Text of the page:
Carol’s impact on some area families was, at times, highly consequential.
“She lived in our duplex when she first came to teach in Tower,” said Randy Johnson. “In eighth grade she bet me five dollars to ask Margie Grahek out on a date.” Randy won that bet, and 44 years later, he is still happily married.
“Carol has been part of our family that whole time,” he said.
Margie said Carol became a mother figure to her.
“She kept me on track,” she said. “I lived with my father. If she hadn’t been in my life, it would not have been this wonderful.”
Margie joined Carol’s track team and earned a trip to the state tournament in the long jump.
Carol went on to teach Margie and Randy’s two daughters, and when they grew up, became friends with their husbands and growing families.
Mike Korpi, who recently earned recognition for running over 1,000 miles in his 42 years racing in Grandma’s Marathon in Duluth, said there wasn’t a boy’s track team when he was in high school. But the skills Carol taught served him well in life.
“She made us all become better and stronger,” he said. “She taught us how to persevere and not to be afraid to work hard.”
Carol also kept in touch with Mike.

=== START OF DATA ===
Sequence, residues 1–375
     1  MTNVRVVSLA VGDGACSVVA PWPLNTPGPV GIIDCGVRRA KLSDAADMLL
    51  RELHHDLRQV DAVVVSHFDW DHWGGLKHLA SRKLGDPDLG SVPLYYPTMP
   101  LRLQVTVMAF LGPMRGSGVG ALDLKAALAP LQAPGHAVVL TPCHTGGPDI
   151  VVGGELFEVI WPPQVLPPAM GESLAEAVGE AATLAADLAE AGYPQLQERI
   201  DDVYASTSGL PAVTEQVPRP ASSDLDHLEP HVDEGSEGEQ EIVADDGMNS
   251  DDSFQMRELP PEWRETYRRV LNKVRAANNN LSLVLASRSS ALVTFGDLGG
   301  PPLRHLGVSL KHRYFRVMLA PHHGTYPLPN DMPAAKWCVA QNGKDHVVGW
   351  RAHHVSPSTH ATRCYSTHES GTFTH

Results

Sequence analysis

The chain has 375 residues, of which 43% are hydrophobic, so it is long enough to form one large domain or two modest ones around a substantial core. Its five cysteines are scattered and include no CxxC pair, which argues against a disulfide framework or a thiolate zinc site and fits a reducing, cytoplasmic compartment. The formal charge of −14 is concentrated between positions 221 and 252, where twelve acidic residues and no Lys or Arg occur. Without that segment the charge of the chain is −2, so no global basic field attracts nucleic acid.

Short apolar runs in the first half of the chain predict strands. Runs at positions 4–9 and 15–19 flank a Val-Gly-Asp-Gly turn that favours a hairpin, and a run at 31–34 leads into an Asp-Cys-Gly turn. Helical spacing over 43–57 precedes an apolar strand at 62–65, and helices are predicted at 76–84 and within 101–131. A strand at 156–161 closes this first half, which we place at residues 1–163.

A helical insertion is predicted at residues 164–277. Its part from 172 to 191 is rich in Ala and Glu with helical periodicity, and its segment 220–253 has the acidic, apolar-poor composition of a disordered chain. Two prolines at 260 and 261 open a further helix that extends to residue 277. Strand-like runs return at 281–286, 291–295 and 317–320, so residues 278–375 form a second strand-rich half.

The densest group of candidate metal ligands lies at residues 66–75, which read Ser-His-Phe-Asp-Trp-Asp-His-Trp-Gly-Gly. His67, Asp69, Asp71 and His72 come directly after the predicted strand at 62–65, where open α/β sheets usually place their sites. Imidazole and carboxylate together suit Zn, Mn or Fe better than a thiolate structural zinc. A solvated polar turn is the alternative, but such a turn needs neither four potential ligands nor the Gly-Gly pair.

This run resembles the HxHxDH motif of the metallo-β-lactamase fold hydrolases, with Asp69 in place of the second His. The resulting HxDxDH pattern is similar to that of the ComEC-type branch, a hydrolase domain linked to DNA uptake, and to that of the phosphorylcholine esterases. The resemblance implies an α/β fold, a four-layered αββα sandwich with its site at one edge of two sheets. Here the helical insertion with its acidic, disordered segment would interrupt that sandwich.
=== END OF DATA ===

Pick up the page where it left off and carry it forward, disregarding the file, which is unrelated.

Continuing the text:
“Her friendship was very important to me,” he said. “She was a friend for life. She was always asking about my running and marathons.”
Melanie Raj remembered Carol’s sense of humor.
“She flunked me in gym class, and I still loved her,” she said. The failing grade was due to Melanie’s refusal to get in the pool.
“I wasn’t willing to get my 80s hairstyle wet,” she said.
While not athletically inclined in high school, Melanie said she began walking a few years ago, with Carol’s encouragement and support, clocking in over 2,400 miles in 2020. “All those things she tried to make me do in Life Sports,” she said.
Linda Schmidt was a star high jumper, coached by Carol. She said the skills she learned from Carol, and her methods of coaching, helped her daughter, who now is on the track team at Notre Dame.
Schmidt recalled an incident when she was goofing around in the school pool, and when she ignored Carol’s instructions to stop, Carol jumped right in the pool, fully-clothed, to stop the mayhem.